The sight of hard-shelled coconuts wrapped in a plastic-style film has left shoppers scratching their heads.
For some, it is another example of pointless packaging, which is adding to the piles of plastic waste.
The boss of Sainsbury's, one of the supermarkets selling the £3 ready-to-drink coconuts, agreed in a BBC interview that it seemed "daft".
But the coconuts' supplier says the film is fully recyclable and keeps the water fresh for much longer.
The Genuine Coconut company says the film is not plastic, and removes the need for artificial preservatives.
It comes just a day after similar questions were raised about cauliflowers sliced into £2 "steaks" and sold by Marks and Spencer in plastic wrapping.
So has our food supply gone coco-nuts, or does the packaging help prevent another problem: food waste?
The "Genuine Coconut" is wrapped in film, and comes with a pull top and straw to drink the coconut water.
It is also sold by Waitrose, Marks and Spencer and Ocado, and compares with a normal coconut that sells at about 80p.
The supplier of the coconuts - which come from Thailand - says the film helps to give them a longer shelf life of 40 days without using chemicals.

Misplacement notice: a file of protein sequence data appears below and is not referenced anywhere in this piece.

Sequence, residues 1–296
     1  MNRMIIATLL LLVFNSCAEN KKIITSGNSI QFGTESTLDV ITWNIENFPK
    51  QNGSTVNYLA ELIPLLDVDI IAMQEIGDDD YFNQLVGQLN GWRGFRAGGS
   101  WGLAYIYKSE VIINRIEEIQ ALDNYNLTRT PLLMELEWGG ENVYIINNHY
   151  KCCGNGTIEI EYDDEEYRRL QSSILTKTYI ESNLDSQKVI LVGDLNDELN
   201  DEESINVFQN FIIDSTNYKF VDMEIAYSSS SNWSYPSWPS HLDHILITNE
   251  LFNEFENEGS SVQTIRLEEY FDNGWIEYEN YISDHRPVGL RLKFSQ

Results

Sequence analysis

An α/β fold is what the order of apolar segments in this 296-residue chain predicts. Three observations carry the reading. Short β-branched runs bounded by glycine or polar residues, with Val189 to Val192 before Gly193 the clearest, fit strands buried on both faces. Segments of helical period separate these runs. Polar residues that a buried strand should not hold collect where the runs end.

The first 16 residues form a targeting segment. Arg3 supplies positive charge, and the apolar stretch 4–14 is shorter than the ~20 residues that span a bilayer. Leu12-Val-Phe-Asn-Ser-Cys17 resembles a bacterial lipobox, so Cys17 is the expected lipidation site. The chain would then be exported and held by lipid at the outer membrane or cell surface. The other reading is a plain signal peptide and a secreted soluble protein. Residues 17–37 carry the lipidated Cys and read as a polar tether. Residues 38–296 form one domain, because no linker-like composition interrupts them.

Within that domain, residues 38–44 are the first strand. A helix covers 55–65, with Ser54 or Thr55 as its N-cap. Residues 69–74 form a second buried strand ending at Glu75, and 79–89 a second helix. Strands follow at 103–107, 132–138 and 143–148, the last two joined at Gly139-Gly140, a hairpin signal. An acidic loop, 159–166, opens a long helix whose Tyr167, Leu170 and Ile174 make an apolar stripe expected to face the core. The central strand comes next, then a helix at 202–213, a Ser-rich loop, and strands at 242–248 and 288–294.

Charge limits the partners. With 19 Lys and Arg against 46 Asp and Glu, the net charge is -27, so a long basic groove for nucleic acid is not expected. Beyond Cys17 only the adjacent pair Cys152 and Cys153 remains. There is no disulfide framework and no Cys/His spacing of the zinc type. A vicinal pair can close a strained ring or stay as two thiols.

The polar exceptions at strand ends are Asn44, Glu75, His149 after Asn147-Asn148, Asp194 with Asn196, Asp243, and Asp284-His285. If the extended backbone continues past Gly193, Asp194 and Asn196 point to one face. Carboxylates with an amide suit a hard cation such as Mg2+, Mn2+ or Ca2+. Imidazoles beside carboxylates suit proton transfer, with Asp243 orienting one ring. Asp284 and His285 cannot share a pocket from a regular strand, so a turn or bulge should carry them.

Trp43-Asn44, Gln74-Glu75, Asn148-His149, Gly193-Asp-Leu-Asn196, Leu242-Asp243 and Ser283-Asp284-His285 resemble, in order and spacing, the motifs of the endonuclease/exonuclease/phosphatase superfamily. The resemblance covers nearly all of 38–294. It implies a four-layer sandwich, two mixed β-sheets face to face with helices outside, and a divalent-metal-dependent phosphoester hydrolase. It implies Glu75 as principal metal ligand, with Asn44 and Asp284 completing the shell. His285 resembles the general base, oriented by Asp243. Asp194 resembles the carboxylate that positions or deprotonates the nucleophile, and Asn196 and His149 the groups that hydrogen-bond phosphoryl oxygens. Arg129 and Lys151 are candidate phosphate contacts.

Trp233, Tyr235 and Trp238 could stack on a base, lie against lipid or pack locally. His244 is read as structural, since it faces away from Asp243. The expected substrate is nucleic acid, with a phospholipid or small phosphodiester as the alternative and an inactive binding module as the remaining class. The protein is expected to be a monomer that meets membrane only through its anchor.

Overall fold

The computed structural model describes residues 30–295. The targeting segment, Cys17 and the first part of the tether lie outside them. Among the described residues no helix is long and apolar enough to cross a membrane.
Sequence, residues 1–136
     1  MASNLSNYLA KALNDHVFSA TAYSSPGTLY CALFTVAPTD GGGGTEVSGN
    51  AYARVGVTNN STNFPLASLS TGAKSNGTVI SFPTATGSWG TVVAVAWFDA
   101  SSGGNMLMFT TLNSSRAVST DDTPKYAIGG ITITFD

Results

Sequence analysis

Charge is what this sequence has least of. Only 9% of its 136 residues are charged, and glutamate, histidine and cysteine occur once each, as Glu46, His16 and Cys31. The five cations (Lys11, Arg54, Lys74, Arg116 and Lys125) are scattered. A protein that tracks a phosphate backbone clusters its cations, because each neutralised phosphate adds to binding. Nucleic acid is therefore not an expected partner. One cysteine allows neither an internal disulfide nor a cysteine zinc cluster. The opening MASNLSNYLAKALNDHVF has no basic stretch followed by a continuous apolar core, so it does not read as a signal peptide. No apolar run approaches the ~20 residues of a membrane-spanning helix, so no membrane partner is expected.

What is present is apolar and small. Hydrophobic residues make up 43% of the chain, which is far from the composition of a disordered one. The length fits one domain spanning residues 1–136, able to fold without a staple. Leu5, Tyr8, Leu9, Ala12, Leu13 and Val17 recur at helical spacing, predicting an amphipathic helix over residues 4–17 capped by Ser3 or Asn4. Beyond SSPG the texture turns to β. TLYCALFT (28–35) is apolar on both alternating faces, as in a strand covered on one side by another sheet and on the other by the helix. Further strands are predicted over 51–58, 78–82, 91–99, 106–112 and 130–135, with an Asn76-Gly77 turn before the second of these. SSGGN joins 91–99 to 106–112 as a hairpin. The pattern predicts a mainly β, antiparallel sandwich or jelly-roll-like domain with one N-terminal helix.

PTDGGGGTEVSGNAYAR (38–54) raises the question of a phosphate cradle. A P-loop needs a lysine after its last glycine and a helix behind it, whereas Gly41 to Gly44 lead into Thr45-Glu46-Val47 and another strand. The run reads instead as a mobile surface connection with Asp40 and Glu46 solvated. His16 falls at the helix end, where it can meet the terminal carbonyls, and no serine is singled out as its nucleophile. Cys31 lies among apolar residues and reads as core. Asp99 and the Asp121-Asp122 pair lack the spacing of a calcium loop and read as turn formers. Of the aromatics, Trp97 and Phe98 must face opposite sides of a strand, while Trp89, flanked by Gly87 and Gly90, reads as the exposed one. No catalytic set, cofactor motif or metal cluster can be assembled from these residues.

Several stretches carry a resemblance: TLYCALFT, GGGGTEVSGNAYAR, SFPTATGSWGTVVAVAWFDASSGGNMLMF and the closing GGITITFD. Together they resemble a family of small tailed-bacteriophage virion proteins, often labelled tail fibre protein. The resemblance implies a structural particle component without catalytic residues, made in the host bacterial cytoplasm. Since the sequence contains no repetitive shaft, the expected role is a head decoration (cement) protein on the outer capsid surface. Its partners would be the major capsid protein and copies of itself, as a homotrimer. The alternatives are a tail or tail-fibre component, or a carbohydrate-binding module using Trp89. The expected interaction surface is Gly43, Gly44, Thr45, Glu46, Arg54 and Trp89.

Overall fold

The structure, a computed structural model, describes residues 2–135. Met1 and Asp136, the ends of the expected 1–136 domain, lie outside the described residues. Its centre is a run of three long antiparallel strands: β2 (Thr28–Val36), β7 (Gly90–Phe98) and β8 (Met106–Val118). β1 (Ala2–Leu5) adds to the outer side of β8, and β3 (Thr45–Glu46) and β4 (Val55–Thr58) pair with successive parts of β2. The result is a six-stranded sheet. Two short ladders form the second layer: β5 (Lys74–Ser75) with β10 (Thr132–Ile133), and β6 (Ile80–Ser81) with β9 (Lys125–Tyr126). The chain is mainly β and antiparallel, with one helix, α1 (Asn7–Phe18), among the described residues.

But one customer asked: "Was a coconut shell not good enough protection?"
Another Twitter user, Alex Morss, a blogger and ecologist, said: "This coconut is not sold in its natural container, without processing, as nature intended... Plastic wrap/straws are not natural, sustainable or biodegradable."
Asked about the coconut controversy, Sainsbury's chief executive, Mike Coupe, told the BBC he'll "certainly be asking some questions about why we wrap coconuts in plastic".
But he also said it is important to remember that packaging helps to protect some products.
"It does play a part in making sure we don't increase the food waste in our business as well, so there's always a trade-off to be made," Mr Coupe said.
Some shops are already taking steps to reduce plastic waste. For example, Sainsbury's says it has reduced its packaging by 30% over the last five years.
But the Spanish company behind Genuine Coconut says the wrapping on its product is not plastic.
It is an "anti-steam film" that is recyclable and prevents the water inside the coconut from spoiling and evaporating.
This replicates the coconut's original green peel, the company says, and so helps it to stay fresh for longer without preservatives and chemicals.
Without the film, the coconuts could not be classed as organic, the company adds.
A Sainsbury's spokeswoman said the supermarket had no plans to review the availability of a product that is "organic and comes in packaging that is fully recyclable".